But unless you have been absolutely transparent and clear about everything you can do for that particular client, your promises will come to bite you when it’s time for delivery.
# 3: Does The Client Refuse To Be Educated?
It is quite natural that many clients do not understand the minutia of marketing. Especially in the digital space where strategies and winning formulas are changing constantly, and what worked well yesterday may be an obsolete practice today.
Some clients are willing to be educated on this, so they can manage their expectations accordingly. At Mastodon Media, my own company, we train our staff to take time to educate our clients and make sure they’re on board and on the same page every step of the way.
But some clients want to see ROI from the minute they sign on the dotted line. They harass your team, asking why they’re not ranking on top of a Google search page within a couple of weeks, and build ridiculous pressure points that make it hard for your team to find time to do the job they have been hired to do.
It is absolutely essential that you factor in education as part of the relationship you build with a new client. If that has been done well, and yet you’re spending more time fielding phone calls and emails from them instead of actually doing your work, then no… This client probably has to go.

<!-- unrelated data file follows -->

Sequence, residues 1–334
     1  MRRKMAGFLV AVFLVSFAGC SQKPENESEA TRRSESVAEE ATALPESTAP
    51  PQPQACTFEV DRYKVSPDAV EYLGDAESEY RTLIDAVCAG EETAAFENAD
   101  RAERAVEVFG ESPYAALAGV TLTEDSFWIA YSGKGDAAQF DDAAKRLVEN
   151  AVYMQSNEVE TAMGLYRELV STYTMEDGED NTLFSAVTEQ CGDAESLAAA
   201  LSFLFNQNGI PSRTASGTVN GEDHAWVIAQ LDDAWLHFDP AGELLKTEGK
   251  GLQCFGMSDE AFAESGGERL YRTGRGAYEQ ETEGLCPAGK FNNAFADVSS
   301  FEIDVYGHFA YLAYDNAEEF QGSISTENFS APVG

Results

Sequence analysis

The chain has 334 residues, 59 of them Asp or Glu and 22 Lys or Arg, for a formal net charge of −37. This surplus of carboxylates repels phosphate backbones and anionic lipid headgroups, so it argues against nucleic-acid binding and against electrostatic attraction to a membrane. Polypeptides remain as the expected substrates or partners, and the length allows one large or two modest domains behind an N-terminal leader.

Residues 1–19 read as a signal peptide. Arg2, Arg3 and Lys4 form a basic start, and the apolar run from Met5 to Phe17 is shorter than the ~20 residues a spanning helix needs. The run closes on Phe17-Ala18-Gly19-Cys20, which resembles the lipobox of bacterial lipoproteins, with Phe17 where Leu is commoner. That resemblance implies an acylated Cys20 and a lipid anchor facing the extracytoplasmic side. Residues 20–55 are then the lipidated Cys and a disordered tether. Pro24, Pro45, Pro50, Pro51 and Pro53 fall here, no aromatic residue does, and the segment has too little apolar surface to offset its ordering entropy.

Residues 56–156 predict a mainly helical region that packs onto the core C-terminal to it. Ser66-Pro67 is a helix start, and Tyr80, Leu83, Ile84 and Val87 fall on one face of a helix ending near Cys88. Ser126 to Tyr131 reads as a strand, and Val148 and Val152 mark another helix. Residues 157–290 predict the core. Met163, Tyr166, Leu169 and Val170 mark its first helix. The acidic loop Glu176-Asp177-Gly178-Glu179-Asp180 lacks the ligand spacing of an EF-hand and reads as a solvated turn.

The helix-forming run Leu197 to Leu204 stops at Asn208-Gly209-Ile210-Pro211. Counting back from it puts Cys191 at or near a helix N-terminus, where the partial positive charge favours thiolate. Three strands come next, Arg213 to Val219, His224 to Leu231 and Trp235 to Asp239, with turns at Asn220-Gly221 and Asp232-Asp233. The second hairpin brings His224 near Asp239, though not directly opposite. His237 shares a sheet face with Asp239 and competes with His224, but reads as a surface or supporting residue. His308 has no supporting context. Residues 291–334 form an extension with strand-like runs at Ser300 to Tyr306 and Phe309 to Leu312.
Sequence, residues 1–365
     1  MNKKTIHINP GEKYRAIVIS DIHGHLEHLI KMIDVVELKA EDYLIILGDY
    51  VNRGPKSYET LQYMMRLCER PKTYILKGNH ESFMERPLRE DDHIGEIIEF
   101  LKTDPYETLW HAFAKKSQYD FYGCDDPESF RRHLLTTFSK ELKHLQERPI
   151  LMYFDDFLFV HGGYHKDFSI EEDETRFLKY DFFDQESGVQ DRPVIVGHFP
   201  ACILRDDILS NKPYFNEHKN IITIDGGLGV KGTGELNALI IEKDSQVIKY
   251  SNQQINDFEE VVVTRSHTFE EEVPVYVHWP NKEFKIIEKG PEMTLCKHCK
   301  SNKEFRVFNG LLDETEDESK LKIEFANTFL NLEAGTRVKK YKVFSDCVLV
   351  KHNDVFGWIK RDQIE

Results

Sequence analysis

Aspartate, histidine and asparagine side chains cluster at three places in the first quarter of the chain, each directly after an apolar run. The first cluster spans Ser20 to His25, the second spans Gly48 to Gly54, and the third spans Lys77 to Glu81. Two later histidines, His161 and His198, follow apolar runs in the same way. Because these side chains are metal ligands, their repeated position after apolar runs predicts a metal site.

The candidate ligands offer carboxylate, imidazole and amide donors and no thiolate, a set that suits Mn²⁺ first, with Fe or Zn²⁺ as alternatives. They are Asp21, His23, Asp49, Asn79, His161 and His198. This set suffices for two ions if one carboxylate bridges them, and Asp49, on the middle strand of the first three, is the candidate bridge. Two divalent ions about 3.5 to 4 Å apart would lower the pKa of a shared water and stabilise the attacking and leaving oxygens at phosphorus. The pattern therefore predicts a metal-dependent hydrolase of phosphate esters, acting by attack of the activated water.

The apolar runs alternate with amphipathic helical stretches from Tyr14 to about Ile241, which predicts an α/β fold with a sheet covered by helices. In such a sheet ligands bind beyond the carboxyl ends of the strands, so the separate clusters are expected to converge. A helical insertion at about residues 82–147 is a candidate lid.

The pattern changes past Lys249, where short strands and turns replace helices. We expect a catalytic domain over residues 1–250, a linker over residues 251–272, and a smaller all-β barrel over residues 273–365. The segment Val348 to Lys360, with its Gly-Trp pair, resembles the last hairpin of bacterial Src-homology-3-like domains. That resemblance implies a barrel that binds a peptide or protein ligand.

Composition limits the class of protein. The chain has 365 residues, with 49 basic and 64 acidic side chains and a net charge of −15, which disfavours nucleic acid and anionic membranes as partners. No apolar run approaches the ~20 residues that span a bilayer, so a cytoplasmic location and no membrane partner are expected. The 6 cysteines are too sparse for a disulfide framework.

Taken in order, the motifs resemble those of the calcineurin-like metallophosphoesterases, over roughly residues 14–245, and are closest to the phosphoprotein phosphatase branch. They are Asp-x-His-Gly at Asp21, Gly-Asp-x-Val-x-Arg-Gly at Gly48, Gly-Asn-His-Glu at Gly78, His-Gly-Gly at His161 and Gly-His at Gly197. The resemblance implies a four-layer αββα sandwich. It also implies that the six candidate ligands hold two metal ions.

# 4: Does The Client Micromanage?
Your client is great at whatever it is they do. Your marketing agency is great at what it does. But unless the client is ready to believe that, micromanagement can become a serious issue. It proves the client does not trust you. And it frustrates and demoralizes your team who are now being forced to do things the client’s way instead of the right way.
Maintain complete and absolute transparency to win client confidence and do not hide uncomfortable data or gloss over any shortfall in a project expectation. When a client knows you are above reproach, they may want to step back and trust that you’re fully invested in doing the best for them. However, if their micromanagement becomes such a problem that you’re working against your own best judgement, fire the client without second thoughts. You’re harming your own reputation in the market this way.
# 5: Does The Client Make Extra Work For You?
Extra work happens when a client oversteps stipulations in the agreement and asks you to do what you’re not paid to do. They also make extra work when they do not supply material in a timely fashion, and you have to spend hours upon hours to force them to keep to a timetable.
While some runaround is expected and you have to add bonus services here and there, a client who does this routinely may not remain a profitable account over time. If that is the case, snip…
# 6: Will The Client Ever Pay?
If the client is slow-paying, or no-paying, and no amount of reminders have worked, then the writing’s on the wall with that one.
But whatever the cause may seem to be, when it comes to firing a client, make very sure that you have fully investigated the possibility of you and your team being at fault first. This is a perfect opportunity to do an internal review of your company as a whole and fix shortcomings wherever they may exist, so you don’t lose another client in the future for the same mistake.